Prenatal Screening Tests for Down Syndrome

Should I have prenatal screening tests done for chromosomal abnormalities? Which ones? What would I do if that test revealed a high risk pregnancy?

genetic counselling FriedaFrieda Loubser was the first genetic counsellor to complete her Masters in Genetic Counselling and internship training at the University of Cape Town.  She worked in the public sector (Groote Schuur Hospital and Red Cross War Memorial Children’s Hospital) and private practice for 8 years and now works in private practice full time.  She has a particular interest in inherited cancers, NIPT and Pre-implantation Genetic Diagnosis.  In her role, she brings patient education together with psychosocial support to help her patients and their families understand the implications of a strong family history of cancer and the options available to them.

Frieda’s colleague, Chantelle Scott has already written a post on Down Syndrome for this series which you can read here.

What you are about to read is a brilliant synopsis of the tests available prenatally and a case for why genetic counselling could be so valuable for expecting couples.

Many couples feel they were caught up with the momentum of what seemed to be “routine testing” and hadn’t had the chance to consider IF they wanted any prenatal testing for Down syndrome and WHAT testing options were available to them.  It is not necessarily easy to ask

Do we want to know if our developing baby has Down syndrome?”

as this questions naturally leads to another difficult question “What would we do if we find out our developing baby has Down syndrome?”

Testing for Down syndrome during a pregnancy is an extremely personal matter and should never be made to seem routine.  Couples should be allowed to make their own informed choices based on their own beliefs, opinions and what they feel comfortable with (including the option not to pursue any such testing).  As other Genetic Counsellors, I see it as my role to facilitate this decision-making process for couples who want to have the opportunity to talk through their options and the implications to make a truly informed decision.

Testing for Down syndrome has been available since the 1990’s (because it is relatively common and it is relatively easy to test for compared to other conditions). However, new ways of testing have been developed that may influence a couple’s decision to be tested.  I will briefly discuss the different testing options available and focus more on non-invasive prenatal testing as this is a new testing option.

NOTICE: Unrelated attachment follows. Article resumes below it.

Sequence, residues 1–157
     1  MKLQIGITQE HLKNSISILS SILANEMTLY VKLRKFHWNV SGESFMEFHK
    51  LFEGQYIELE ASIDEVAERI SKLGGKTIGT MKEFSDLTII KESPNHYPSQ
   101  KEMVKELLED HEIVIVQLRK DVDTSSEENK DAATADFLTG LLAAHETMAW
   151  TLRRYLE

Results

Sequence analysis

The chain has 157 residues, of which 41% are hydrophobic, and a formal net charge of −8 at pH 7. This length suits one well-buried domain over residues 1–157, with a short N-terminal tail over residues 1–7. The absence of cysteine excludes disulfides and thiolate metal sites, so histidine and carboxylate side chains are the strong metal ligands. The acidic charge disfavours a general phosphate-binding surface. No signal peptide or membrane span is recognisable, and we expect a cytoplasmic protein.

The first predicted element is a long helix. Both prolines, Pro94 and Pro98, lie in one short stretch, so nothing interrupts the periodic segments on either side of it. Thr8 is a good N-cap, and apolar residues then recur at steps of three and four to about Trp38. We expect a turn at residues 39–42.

It is important to understand the difference between a screening test and a diagnostic test.  A screening test for Down Syndrome cannot tell you for certain whether your baby has Down syndrome; rather, it tells you whether there is a low or high risk that the baby is affected.  By virtue of the meaning of “low risk” there is still as small risk that you could have a baby with Down syndrome after having a screening test and it resulting in a low risk result.  As long as a couple understands this option and what the test can tell them they might feel reassured by a screening test and decide not to pursue any further testing.  On the other hand a “high risk” result would lead to a couple needing to decide about more accurate testing.  In this setting “high risk” does not necessarily imply a high risk for Down syndrome (in many cases the estimated risk may be lower than 1%), but implies a “high enough” risk to consider more accurate testing: A woman with a result of 1 in 50 would be considered at “high” risk. The 1 in 50 means that, among 50 women with this same risk, one of them (2 percent) would have a developing baby with Down syndrome.

Screening tests for Down Syndrome include:

  • Maternal serum testing: Biomarkers in the maternal bloodstream which have been shown to correlate with a specific pattern in the majority of cases of a foetus with Down Syndrome (increased levels of certain hormones and decreased levels of others when compared).
  • Ultrasound markers: Markers refer to features that are common in individuals with Down Syndrome, but can also occur in someone who is unaffected (it can be a normal feature).  This finding on ultrasound will therefore increase the risk for Down Syndrome, but does not confirm it in any way.  The absence of such a feature does not exclude Down Syndrome.